To the Editor (of The New York Times):
“Fifty years of Supreme Court tinkering with our political system has resulted in a democracy so dysfunctional that no rational person would choose it.
“The People, though their elected representatives, gave us an effective Voting Rights Act to protect minority voters. The Supreme Court told us that we don’t need it anymore. The people gave us a campaign finance law limiting the expansive political power of the rich. The Supreme Court told us that unlimited spending by the 1 per cent doesn’t corrupt the democratic process.
“The people gave us a practical way to allow underfunded candidates to compete with rich ones. The Supreme Court told us that it was unfair to the rich. The people walled off the vast trove of corporate wealth from our elections. The Supreme Court told us that unlimited corporate electioneering was good for us.
“The people drew legislative lines to help racial minorities recover from centuries of political exclusion. The Supreme Court told us that it was a dangerous form of racism.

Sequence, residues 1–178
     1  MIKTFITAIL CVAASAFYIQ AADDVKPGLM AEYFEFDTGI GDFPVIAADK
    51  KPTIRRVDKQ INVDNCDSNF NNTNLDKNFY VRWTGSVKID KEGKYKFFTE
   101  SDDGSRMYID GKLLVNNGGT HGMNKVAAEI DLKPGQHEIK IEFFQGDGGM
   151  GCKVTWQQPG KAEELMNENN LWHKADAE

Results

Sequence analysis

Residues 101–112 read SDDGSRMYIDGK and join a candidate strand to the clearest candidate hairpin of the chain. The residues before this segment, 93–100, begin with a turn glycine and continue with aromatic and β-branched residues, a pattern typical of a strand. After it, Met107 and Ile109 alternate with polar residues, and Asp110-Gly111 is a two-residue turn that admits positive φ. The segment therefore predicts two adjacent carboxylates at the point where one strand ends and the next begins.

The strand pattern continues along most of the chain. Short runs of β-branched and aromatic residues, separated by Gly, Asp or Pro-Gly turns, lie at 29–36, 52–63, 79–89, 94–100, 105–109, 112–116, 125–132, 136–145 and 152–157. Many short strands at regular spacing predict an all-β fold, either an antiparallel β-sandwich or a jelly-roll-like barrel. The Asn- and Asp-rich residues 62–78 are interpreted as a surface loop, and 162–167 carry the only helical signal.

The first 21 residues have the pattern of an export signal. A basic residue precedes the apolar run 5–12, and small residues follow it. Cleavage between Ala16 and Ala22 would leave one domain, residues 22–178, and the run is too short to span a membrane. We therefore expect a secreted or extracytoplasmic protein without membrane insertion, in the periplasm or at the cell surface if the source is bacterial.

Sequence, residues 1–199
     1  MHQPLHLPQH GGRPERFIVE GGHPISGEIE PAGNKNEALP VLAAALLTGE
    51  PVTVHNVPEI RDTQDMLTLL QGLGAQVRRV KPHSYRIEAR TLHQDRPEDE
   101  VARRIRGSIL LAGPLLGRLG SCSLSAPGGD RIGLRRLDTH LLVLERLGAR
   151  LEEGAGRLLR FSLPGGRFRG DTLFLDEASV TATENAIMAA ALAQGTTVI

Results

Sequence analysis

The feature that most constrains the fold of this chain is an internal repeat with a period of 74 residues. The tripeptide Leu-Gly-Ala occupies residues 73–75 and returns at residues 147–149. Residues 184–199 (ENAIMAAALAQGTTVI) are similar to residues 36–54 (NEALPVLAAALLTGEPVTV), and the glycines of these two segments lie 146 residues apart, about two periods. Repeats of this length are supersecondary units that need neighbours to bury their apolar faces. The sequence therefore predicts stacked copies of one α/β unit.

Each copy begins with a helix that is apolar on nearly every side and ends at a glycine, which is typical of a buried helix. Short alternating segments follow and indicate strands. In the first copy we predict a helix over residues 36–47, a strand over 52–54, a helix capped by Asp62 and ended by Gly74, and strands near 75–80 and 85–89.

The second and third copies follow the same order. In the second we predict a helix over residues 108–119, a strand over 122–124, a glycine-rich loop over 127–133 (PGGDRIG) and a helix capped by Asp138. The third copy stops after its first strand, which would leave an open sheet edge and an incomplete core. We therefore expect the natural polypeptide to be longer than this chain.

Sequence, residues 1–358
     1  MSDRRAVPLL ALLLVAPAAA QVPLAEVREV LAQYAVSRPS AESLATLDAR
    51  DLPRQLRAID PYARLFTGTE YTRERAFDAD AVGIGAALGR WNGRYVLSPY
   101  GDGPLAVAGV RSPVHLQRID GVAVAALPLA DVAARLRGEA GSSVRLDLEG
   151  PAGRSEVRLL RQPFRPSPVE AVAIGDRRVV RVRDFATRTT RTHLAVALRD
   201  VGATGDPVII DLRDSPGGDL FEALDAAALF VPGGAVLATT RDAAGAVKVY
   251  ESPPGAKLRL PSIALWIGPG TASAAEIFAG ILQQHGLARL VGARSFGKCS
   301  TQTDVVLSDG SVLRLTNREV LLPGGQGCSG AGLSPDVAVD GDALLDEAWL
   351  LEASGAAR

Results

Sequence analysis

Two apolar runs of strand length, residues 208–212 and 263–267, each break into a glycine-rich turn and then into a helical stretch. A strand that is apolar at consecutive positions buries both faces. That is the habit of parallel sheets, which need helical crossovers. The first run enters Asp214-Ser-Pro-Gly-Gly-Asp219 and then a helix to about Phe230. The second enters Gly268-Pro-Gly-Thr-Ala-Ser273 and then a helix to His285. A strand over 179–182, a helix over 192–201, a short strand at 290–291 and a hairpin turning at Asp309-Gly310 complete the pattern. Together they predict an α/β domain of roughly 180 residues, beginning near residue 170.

“But when today’s politicians entrench themselves in power by putting hurdles in the way of the poor people voting, gerrymandering district lines to assure the re-election of incumbents, and stacking the electoral deck in favor of the majority party, the Supreme Court just stands by.
“In the dysfunctional democracy the justices have made, the Supreme Court can even pick a president.
“The extreme wings of each major party control the nominating process. Poor people have to jump through hoops to vote. The party in power controls the outcome in too any legislative elections. And the superrich have turned too any of our elected representatives into wholly owned subsidiaries, and most of our elections into auctions.
“Madison would weep.”
—– Burt Neuborne, New York, Nov. 4,2013
“The writer is a professor of civil liberties at New York University Law School.